Reading through the Bible together

Thursday, November 20, 2014

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Vs. 1-10:  The union of a man and wife in marriage was intended as a life time commitment. If a married couple are living a God fearing life, there will never be a need to divorce. All of their interpersonal problems will find resolution as they follow the teachings of Jesus. Due to man's sinful nature, God did provide an allowance for divorce in the context of adultery. But even under these circumstances, reconciliation is often the better alternative (Gen. 1:27; 2:24; Deut. 24:1-4).

But wasn’t the punishment for adultery stoning?  Technically, yes, but God’s laws are draped with mercy and capital punishment by stoning rarely, if ever, occurred. The threat of stoning highlighted the seriousness of committing adultery, but the standard of proving guilt made it nearly impossible to administer the punishment legally (Lev. 20:10, Numbers 5:11-31, Deut 17:6; 19:15; 22:13-30; Ps 51, Hosea 1:2-3, John 8:1-11, Heb. 10:28). According to the Mishnah, the death penalty could only be inflicted after a trial by the Sanhedrin composed of 23 judges.  Also, the strict standards for legal qualification of the required two to three witnesses were virtually impossible to attain. (The Jewish Religion by Louis Jacobs, p. 66, "Capital Punishment").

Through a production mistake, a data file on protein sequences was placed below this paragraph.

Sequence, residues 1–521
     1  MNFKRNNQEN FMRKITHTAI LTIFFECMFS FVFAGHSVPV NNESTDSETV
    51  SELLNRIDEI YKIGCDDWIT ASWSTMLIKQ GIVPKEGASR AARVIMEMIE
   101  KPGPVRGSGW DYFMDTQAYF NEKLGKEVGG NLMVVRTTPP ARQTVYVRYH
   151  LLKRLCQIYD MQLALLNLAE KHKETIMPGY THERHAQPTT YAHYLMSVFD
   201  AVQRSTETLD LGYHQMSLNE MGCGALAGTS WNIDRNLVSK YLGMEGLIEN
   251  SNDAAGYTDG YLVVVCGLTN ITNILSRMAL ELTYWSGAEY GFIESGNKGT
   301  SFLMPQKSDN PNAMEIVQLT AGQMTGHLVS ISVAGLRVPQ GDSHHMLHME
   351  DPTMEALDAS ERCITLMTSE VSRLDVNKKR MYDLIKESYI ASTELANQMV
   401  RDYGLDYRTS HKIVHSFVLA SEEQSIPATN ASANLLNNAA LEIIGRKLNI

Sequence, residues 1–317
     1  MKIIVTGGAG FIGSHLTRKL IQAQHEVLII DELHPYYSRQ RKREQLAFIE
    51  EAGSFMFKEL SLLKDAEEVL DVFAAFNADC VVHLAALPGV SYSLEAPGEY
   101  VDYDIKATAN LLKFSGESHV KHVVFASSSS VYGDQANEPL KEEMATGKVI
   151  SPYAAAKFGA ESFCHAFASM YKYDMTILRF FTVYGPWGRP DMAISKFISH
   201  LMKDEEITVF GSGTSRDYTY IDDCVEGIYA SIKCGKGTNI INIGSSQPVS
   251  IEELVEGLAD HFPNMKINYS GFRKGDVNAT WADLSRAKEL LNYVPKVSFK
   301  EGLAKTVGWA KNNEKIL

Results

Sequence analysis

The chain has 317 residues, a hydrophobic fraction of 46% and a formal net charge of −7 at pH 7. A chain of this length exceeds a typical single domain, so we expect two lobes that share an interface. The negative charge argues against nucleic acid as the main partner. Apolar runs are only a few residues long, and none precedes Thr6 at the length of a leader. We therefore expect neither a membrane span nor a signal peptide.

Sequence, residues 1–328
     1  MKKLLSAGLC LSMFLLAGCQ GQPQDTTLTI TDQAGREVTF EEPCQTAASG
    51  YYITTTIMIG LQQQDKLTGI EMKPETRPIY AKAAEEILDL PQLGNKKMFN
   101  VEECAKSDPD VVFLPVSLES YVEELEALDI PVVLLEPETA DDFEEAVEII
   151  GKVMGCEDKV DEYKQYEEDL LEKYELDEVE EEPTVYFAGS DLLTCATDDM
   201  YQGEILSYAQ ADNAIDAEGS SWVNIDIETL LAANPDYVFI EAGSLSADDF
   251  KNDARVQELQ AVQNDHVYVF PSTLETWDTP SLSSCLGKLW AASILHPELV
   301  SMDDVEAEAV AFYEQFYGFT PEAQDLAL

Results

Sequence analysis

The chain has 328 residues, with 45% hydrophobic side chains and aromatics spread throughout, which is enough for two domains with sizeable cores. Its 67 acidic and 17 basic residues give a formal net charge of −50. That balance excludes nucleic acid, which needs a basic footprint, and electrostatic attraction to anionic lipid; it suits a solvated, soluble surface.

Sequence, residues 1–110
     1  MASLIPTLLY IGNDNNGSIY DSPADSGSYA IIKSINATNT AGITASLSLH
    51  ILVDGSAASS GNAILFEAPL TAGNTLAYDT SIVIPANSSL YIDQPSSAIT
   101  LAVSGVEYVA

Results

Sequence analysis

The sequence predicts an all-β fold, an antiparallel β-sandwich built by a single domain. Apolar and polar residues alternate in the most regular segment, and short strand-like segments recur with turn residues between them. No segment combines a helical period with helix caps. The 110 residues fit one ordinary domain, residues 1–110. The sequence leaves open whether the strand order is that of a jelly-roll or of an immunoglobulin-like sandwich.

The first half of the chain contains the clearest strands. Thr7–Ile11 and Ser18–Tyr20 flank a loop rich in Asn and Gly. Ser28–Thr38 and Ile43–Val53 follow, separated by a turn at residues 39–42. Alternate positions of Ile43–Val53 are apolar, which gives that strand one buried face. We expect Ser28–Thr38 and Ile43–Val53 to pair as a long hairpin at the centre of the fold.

Vs. 11-12:  Some Christians will choose to live the single life in order to serve God without the distractions and responsibilities of a family or spouse. For those who can accept this lifestyle, there can be opportunities for unique service to others.  For those who cannot adapt to being single there is marriage (1 Corinthians 7:1-7).

Vs. 13-15:  The innocence of little children and babies is such that they will be in heaven, even if their parents are not. Only when we are "born again" and become a "child of God" through the work of the Holy Spirit will we be given the unblemished robe of righteousness (Jeremiah 31:15-17, Matthew 2:18, EGW 2SM 260).

Vs. 16-22:  The rich young man kneeling (Mark 10:17-21) before Christ asked a most important question. According to what many Christians believe today, Jesus should have responded by simply saying, "Believe, just believe and you will be saved."  Instead, the Savior looks at this young man with compassion and tells him to keep the commandments, sell what he has, give to the poor, and come “follow Me.”

Simply believing in Jesus does not save us.  Our faith in Him must be such that our greatest priority in life is to serve God.  One of the most important and vital ways that we serve Him is to use our means - our time, talent, and treasure - to spread the gospel and to minister to the needs of others (EGW FW 47, SR 289, GC 472-473, Our Father Cares p.68).
Vs. 23-30:  As the wealthy find comfort and contentment on earth it is very difficult for them to give up what they have to follow the teachings of Jesus. Wealth is accompanied by the obligation to share and give generously to others. All belongs to God and we are just the temporary caretakers.  As stewards of God's treasure house we have the solemn responsibility to use whatever means we have, whether little or much, to serve others. If we use what we have for personal gain and pleasure, we have deprived others of the benefits of God’s generosity.


Leo Van Dolson, Jr., M.D., MPH
California, U.S.A.